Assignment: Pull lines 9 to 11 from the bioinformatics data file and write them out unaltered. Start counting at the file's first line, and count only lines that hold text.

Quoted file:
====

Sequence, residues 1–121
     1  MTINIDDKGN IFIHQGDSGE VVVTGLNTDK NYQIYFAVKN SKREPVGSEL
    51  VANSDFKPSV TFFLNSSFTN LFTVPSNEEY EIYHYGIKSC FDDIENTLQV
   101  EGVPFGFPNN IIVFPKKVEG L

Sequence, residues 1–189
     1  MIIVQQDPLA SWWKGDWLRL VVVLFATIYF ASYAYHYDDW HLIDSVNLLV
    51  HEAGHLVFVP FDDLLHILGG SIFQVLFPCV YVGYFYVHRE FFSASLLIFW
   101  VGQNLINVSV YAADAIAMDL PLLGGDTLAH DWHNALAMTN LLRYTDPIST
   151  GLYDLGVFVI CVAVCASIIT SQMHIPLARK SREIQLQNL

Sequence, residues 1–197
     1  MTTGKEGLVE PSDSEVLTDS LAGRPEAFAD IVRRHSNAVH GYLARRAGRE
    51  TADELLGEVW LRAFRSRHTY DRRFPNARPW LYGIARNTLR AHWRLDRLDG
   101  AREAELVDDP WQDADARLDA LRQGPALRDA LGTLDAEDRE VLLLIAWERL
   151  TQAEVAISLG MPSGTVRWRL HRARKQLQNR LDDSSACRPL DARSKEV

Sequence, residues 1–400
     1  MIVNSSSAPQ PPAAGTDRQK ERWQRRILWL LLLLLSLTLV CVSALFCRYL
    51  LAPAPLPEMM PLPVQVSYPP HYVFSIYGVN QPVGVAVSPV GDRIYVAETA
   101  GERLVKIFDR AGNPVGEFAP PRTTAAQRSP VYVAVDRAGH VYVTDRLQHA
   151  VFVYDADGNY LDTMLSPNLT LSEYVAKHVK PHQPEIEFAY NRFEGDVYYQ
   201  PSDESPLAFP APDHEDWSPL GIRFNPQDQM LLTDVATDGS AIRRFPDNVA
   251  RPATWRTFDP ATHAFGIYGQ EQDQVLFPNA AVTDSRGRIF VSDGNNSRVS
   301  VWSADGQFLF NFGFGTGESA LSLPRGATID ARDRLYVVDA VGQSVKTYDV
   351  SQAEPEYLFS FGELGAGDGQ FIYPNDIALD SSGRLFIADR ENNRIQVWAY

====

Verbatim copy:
   151  GLYDLGVFVI CVAVCASIIT SQMHIPLARK SREIQLQNL

Sequence, residues 1–197
     1  MTTGKEGLVE PSDSEVLTDS LAGRPEAFAD IVRRHSNAVH GYLARRAGRE